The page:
Best Tango Shows for Tourists
Tango, a beautiful dance that tells the pained history of its immigrant poor from the beginning of the 20th century, is the ultimate Buenos Aires-defining experience. For an authentic historical look, see the tango show El Querandí, Perú 302 (tel. 11/4345-0331), which traces the dance's roots from brothel slums, when only men danced it, to its current leggy sexiness. Señor Tango, Vieytes 1653 (tel. 11/4303-0212), adds Hollywood glamour and Fosse-esque dance moves, as well as horses trampling the stage, in the city's most popular show. You'll find a more gracious experience at Esquina Carlos Gardel, Carlos Gardel 3200 (tel. 11/4876-6363), in the Abasto neighborhood where Carlos Gardel, the city's most famous tango crooner, actually lived and worked. A classical symphony accompanies the more traditional instruments in this show.
Best Tango Hall for the Experienced or Those Who Want to Watch the Experienced
If you're an expert tango dancer, or want to at least watch the people who are, head to a milonga (tango salon). El Niño Bien, Humberto I no. 1462 (tel. 11/4483-2588), is like taking a step back in time as you watch patrons dance in an enormous, smoke-filled, Belle Epoque-era hall under ceiling fans. The best dancers come here to show off, though you'll also find instructors looking to mingle with shy potential students who watch from the sidelines. Salón Canning, Scalabrini Ortiz 1331 (tel. 11/4832-6753), in Palermo Hollywood has what many local dancers call the best tango floor in all of Buenos Aires, a hard, smooth, parquet surface perfect for this dance. The tight space, however, is not big enough for the tango-challenged.
Best Architecture Walks
Buenos Aires abounds in beautiful architecture, especially after its very self-conscious and ambitious rebuilding project before Argentina's 1910 centennial celebration of its independence from Spain. The plan was put into action in the 1880s, and by the turn of the 20th century, entire neighborhoods had been rebuilt. The French Beaux Arts movement was at its worldwide height at that point, meaning much of the city looks more like Paris than any other Latin American city. Avenida de Mayo, the city's official processional route linking the Presidential Palace (Casa Rosada) to the National Congress Building, is the longest and best-preserved example of this. The corner buildings along the wide Diagonal Norte, also known as Avenida Sáenz Peña, are all topped with fantastic neoclassical domes from the street's beginning at the Plaza de Mayo until it hits the Obelisco, Buenos Aires's defining monument, at Avenida 9 de Julio, the world's widest boulevard. Don't miss the neighborhoods of San Telmo and Monserrat either, with their balconied late-19th- and early-20th-century structures, most of which are gracefully decaying as they await gentrification when the economy improves.
Best Park Walks
The Palermo Park system runs along Avenida Libertador and is one of the world's most beautiful. You could spend more than a day here, wandering this tree- and monument-lined part of the city, and still not see it all. Within the system are numerous small parks such as the Rose Garden and the Japanese Gardens, as well as museums such as the Museo de Arte Latinoamericano de Buenos Aires (MALBA), Av. Figueroa Alcorta 3415 (tel. 11/4808-6500), and the Museo Nacional de Bellas Artes, Av. del Libertador 1473 (tel. 11/4803-0802). In the Argentine spring -- late September and early October -- the weather is at its best, and the jacaranda trees here are in their purple-bloomed glory, making this the best time to stroll. In summer months locals who can't escape the city come to jog, suntan, and while away the day in this area.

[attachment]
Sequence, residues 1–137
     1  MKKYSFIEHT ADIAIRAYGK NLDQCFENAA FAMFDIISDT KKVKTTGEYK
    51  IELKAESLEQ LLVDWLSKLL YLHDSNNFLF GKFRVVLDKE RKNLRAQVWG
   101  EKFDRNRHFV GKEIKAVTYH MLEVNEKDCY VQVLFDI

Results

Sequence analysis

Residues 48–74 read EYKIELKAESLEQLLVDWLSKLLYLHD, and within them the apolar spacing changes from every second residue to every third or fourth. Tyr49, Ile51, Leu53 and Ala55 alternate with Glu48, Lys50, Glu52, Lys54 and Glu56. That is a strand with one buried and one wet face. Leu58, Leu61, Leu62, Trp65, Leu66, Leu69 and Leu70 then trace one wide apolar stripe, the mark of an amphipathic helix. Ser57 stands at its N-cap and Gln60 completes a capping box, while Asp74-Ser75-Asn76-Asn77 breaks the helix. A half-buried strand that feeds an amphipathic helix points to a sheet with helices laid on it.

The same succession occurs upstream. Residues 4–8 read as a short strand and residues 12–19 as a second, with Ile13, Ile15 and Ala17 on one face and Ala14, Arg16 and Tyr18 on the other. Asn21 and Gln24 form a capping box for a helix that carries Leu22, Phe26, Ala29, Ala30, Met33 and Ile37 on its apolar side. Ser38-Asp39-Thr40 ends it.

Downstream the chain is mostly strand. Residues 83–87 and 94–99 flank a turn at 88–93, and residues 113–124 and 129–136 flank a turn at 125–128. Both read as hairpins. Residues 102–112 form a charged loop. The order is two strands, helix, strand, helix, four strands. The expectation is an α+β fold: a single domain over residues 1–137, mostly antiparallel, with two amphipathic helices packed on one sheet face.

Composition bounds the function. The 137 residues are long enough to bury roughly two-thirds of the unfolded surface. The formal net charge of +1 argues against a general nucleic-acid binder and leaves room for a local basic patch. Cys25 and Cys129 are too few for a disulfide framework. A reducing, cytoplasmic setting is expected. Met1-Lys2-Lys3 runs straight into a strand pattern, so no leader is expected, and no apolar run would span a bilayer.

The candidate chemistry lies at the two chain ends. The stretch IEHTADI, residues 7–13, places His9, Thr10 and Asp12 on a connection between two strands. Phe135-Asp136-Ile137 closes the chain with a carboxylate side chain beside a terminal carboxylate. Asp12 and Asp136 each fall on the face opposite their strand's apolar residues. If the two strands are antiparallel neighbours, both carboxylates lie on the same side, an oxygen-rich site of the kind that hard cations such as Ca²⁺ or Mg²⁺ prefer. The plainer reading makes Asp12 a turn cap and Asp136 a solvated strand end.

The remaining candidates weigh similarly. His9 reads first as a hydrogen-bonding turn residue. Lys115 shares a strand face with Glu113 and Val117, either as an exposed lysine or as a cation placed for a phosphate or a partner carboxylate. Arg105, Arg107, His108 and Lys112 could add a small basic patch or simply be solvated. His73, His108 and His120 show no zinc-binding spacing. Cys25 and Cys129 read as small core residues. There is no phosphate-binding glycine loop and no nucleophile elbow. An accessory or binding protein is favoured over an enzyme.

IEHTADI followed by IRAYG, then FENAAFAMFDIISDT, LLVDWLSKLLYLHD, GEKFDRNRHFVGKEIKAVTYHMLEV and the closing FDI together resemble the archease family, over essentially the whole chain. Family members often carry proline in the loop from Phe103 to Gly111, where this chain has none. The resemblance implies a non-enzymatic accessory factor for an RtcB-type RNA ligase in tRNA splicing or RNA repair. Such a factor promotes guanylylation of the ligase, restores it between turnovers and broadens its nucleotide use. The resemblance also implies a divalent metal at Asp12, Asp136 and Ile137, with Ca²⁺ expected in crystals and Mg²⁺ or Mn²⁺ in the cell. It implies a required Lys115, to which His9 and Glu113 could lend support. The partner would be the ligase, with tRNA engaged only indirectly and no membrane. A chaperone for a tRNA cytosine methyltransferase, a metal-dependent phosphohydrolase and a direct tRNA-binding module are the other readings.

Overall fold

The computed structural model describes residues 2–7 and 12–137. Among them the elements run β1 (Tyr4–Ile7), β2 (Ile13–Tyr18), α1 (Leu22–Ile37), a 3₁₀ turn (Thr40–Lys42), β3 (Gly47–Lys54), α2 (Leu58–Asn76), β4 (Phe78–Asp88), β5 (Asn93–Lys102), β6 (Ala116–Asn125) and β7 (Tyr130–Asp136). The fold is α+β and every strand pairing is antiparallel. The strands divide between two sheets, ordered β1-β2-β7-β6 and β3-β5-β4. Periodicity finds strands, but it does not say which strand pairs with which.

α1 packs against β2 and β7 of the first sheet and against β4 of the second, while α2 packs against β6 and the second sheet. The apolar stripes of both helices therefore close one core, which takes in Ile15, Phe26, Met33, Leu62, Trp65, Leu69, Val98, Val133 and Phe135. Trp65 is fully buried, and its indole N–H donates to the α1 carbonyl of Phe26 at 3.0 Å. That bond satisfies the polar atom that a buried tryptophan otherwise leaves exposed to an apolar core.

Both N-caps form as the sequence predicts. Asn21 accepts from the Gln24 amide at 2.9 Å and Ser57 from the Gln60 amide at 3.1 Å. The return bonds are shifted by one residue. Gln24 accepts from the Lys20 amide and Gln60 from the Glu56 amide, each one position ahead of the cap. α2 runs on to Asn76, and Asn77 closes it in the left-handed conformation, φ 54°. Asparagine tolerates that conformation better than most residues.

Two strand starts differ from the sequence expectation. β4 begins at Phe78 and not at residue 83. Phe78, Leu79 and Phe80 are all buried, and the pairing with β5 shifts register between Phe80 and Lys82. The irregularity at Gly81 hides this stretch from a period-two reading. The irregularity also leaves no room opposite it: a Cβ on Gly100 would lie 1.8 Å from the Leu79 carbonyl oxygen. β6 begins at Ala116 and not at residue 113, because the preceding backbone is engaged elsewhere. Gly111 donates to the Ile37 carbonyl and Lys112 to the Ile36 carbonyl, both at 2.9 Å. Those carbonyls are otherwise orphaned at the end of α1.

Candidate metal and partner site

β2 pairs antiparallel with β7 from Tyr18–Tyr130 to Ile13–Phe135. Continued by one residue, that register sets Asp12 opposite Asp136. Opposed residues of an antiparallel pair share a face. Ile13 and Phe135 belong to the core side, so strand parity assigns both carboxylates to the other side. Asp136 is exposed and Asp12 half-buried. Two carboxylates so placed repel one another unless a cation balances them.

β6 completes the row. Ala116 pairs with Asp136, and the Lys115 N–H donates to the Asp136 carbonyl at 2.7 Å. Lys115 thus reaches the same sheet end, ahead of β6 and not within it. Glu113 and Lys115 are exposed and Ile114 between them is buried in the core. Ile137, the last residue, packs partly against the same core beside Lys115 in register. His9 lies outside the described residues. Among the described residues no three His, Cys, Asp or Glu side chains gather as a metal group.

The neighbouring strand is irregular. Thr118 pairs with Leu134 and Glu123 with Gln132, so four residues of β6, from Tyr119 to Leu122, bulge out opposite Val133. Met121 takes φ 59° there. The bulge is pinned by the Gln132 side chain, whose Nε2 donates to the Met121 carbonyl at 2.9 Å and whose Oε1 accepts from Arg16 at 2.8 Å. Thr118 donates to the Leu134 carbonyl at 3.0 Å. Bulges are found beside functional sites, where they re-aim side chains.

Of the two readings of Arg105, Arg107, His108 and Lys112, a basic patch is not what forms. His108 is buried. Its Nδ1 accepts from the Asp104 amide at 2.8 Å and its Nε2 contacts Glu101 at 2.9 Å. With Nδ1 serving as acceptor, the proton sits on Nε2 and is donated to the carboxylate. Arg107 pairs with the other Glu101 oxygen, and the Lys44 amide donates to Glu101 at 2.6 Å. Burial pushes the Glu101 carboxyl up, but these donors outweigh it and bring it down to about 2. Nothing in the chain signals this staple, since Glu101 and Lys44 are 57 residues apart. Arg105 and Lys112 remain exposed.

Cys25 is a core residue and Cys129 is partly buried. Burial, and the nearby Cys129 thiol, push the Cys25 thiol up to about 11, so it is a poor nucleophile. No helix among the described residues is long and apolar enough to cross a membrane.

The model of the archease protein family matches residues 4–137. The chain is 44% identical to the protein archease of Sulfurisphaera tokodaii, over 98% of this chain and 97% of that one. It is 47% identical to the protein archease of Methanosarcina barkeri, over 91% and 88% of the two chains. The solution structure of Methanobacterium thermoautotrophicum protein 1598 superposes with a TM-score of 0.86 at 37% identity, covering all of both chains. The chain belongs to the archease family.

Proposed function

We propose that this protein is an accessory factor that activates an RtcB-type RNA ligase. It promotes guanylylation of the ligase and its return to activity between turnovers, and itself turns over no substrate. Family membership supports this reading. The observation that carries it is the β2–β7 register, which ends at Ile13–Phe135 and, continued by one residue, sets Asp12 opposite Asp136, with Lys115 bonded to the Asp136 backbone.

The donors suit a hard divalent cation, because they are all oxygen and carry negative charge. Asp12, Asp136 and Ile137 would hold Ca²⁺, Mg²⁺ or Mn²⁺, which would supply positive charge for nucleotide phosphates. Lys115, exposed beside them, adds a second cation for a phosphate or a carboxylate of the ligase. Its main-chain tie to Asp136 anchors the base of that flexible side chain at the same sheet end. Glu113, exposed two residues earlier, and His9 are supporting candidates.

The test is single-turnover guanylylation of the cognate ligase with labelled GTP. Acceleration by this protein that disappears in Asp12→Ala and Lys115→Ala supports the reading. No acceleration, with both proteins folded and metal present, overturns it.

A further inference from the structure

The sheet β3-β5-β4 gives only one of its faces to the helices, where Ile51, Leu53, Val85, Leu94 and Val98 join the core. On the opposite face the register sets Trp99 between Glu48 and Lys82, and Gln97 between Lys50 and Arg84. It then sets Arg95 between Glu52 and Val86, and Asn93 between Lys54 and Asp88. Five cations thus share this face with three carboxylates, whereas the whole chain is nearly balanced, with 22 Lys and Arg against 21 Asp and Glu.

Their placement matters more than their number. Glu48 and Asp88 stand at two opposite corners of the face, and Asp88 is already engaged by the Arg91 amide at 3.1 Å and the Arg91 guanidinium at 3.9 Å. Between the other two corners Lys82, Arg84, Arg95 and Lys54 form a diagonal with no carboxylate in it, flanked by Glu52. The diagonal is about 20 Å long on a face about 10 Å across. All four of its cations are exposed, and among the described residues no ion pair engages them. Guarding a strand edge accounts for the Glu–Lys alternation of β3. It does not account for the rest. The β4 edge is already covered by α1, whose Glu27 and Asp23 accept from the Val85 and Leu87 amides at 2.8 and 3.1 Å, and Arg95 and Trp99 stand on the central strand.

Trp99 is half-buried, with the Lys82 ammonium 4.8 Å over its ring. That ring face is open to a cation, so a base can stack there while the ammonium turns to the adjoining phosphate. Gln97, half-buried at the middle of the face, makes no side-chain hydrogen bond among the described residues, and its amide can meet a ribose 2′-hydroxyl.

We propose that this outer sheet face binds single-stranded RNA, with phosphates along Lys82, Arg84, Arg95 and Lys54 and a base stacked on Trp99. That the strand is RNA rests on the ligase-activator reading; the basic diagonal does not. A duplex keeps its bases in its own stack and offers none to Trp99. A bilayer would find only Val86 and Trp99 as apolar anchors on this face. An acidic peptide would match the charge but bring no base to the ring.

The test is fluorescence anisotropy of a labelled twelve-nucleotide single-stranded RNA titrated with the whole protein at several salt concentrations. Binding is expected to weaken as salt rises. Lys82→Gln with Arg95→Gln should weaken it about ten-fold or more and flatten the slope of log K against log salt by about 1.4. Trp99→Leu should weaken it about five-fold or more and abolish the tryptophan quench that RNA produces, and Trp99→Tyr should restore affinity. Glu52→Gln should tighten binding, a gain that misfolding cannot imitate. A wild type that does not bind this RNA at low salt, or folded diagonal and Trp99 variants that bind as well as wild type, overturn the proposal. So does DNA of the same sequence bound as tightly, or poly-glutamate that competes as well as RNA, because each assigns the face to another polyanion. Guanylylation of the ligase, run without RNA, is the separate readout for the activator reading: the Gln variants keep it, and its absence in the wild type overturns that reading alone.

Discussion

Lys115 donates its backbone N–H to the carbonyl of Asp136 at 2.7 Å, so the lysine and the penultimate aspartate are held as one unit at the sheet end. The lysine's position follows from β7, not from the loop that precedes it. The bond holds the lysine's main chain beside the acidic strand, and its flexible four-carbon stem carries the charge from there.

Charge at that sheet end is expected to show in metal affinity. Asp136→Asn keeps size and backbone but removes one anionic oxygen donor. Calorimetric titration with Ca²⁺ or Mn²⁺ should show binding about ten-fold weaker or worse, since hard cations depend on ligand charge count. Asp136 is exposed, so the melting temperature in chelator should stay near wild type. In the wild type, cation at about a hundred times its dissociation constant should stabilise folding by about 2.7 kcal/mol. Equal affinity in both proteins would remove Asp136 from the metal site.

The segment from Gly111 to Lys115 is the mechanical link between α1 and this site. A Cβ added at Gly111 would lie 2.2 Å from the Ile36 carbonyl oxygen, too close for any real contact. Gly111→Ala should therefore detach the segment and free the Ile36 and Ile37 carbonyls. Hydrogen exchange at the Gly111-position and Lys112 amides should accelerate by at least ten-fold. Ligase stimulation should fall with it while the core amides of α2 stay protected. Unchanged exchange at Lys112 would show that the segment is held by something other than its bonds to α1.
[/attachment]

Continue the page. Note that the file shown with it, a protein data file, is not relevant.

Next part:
Proof that nature is stronger than whatever humankind throws at it is just a brisk walk away from Buenos Aires's tallest office structures at the Ecological Reserve (along the Costanera near Puerto Madero; tel. 11/4893-1588). In the 1960s and 1970s, demolished buildings and construction debris were dumped into the Río de La Plata. Nature responded by wrapping it with sediment and then grass and small plants, creating a home for a myriad of birds. Wander on your own with caution, as there are still rough areas, or ask a tour company about bird-watching tours.
Best (& Most Heartbreaking) Political Experience
Argentina's political history is a long series of ups and downs, some more tragic than others. Perhaps the worst occurred between 1976 and 1982, when a military government, bent on destroying what it considered political enemies, ruled the country. During that time, up to 30,000 people, mostly college-age, were secretly murdered, their bodies never found, giving them the name los desaparecidos, meaning "the disappeared ones." The Asociación Madres de Plaza de Mayo is an organization that aims for justice for their murdered children and marches on the Plaza de Mayo every Thursday at 3:30pm, giving speeches and handing out flyers. They also run a university with a store and library full of books on this painful period of history that has yet to come to an end.
Best Evita Experiences
Visit the Plaza de Mayo, the political heart of Argentina, and look to the facade of the Casa Rosada (Presidential Palace). The northern balcony, with its three French doors, is where Evita addressed her adoring fans. Just as many people come to see her now at the Recoleta Cemetery, where she was laid to rest in a tomb belonging to the family of her wealthy father. To understand why it took Argentina more than 50 years to come to terms with this controversial woman, visit the Museo Evita, Calle Lafinur 2988 (tel. 11/4807-9433), in Palermo, where the story of her life is told through personal objects.